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Agrarian Land Tenancy in Prewar Japan: Contract Choice and Implications on Productivity

  • Yutaka Arimoto

    (JSPS Research Fellow and Graduate School of Economics, University of Tokyo,)

  • Tetsuji Okazaki

    (Faculty of Economics, University of Tokyo)

  • Masaki Nakabayashi

    (Graduate School of Economics, Osaka University)

This paper studies the determinants of agrarian tenancy contract choice and its implication on productivity in prewar Japan. Rapid agricultural growth under extensive tenancy relationships in prewar Japan was achieved with the prevalence of a unique rent reduction contract, which was more efficient than a share tenancy or a pure fixed-rent contract in terms of provision of incentives and risk-sharing. Despite its potential efficiency, a rent reduction contract incurred substantial transaction costs, which may have inhibited its adoption outside Japan. The prevalence of this contract in prewar Japan was likely due to the presence of villages that reduced such costs through informal governance of the private tenancy relationships. We found quantitatively at the village level that the choice of tenancy contract in prewar Iwate prefecture was affected by risk and possibly transaction costs. Furthermore, a sign of Marshallian inefficiency was found at the prefecture level, where the prevalence of tenancy and productivity is negatively correlated and such inefficiency was worse in prefectures with a greater proportion of share tenancy.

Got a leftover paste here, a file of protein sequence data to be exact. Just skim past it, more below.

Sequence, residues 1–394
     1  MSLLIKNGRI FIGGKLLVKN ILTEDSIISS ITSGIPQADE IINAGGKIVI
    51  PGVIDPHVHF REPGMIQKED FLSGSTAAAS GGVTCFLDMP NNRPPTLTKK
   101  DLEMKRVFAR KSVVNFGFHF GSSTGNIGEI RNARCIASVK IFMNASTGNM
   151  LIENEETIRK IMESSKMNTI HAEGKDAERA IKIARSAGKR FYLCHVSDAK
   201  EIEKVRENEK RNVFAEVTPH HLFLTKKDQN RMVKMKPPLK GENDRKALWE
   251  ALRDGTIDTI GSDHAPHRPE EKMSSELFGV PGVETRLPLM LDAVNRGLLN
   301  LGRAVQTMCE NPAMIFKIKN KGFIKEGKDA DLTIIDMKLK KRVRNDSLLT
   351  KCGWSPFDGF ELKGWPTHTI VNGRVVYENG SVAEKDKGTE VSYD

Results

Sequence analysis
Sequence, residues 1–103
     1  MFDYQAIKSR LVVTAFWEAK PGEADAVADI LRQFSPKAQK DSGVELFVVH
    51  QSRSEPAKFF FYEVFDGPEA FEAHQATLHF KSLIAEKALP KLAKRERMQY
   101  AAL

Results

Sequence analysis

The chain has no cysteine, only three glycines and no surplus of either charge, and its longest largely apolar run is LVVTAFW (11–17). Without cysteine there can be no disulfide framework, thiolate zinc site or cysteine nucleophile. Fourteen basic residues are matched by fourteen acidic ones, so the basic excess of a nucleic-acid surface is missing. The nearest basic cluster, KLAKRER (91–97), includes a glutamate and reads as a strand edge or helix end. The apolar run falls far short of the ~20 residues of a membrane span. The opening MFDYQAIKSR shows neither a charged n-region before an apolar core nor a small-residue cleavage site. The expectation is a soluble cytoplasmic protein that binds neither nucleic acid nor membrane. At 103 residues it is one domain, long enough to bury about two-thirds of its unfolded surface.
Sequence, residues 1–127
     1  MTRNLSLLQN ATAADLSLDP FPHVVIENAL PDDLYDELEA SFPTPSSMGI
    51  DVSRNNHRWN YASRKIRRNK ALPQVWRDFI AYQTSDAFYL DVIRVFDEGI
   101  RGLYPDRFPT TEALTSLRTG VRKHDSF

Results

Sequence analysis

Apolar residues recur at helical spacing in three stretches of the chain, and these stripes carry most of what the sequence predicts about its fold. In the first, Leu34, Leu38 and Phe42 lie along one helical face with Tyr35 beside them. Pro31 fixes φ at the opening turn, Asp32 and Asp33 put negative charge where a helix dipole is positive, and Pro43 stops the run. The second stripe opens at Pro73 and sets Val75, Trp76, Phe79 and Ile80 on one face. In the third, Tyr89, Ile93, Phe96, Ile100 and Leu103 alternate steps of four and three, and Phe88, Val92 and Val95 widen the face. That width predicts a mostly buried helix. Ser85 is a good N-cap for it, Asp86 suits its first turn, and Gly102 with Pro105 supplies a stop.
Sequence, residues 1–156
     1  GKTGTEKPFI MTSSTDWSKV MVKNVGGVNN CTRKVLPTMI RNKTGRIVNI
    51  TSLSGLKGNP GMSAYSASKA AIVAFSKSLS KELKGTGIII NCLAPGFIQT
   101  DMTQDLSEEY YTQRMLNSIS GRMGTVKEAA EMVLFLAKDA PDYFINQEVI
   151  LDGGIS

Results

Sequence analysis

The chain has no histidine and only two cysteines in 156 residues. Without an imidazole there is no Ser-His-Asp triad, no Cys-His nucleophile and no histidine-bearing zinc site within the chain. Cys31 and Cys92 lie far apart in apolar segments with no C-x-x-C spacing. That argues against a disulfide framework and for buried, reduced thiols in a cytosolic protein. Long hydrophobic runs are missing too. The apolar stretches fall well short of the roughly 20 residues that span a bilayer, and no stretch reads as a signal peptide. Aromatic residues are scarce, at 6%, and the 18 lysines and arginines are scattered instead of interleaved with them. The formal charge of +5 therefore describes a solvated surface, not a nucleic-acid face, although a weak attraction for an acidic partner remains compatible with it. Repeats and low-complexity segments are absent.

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Paper provided by CIRJE, Faculty of Economics, University of Tokyo in its series CIRJE F-Series with number CIRJE-F-549.

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Length: 36 pages
Date of creation: Mar 2008
Date of revision:
Handle: RePEc:tky:fseres:2008cf549
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